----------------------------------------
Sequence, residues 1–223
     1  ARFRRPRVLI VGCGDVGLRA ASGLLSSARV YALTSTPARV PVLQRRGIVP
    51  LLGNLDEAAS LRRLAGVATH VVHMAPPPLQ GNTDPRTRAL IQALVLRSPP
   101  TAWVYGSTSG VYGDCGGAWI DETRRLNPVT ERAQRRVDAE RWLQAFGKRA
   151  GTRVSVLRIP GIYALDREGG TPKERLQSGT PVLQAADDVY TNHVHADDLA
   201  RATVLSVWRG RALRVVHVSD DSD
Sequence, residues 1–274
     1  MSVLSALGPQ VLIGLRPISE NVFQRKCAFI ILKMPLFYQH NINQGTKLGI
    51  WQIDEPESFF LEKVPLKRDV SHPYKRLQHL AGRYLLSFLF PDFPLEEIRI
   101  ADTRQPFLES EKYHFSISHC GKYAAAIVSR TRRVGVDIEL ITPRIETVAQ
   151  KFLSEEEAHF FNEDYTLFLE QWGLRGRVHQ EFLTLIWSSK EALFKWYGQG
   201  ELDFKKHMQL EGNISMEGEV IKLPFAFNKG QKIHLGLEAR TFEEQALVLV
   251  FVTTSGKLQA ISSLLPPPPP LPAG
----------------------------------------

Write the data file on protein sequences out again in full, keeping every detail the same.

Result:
Sequence, residues 1–223
     1  ARFRRPRVLI VGCGDVGLRA ASGLLSSARV YALTSTPARV PVLQRRGIVP
    51  LLGNLDEAAS LRRLAGVATH VVHMAPPPLQ GNTDPRTRAL IQALVLRSPP
   101  TAWVYGSTSG VYGDCGGAWI DETRRLNPVT ERAQRRVDAE RWLQAFGKRA
   151  GTRVSVLRIP GIYALDREGG TPKERLQSGT PVLQAADDVY TNHVHADDLA
   201  RATVLSVWRG RALRVVHVSD DSD
Sequence, residues 1–274
     1  MSVLSALGPQ VLIGLRPISE NVFQRKCAFI ILKMPLFYQH NINQGTKLGI
    51  WQIDEPESFF LEKVPLKRDV SHPYKRLQHL AGRYLLSFLF PDFPLEEIRI
   101  ADTRQPFLES EKYHFSISHC GKYAAAIVSR TRRVGVDIEL ITPRIETVAQ
   151  KFLSEEEAHF FNEDYTLFLE QWGLRGRVHQ EFLTLIWSSK EALFKWYGQG
   201  ELDFKKHMQL EGNISMEGEV IKLPFAFNKG QKIHLGLEAR TFEEQALVLV
   251  FVTTSGKLQA ISSLLPPPPP LPAG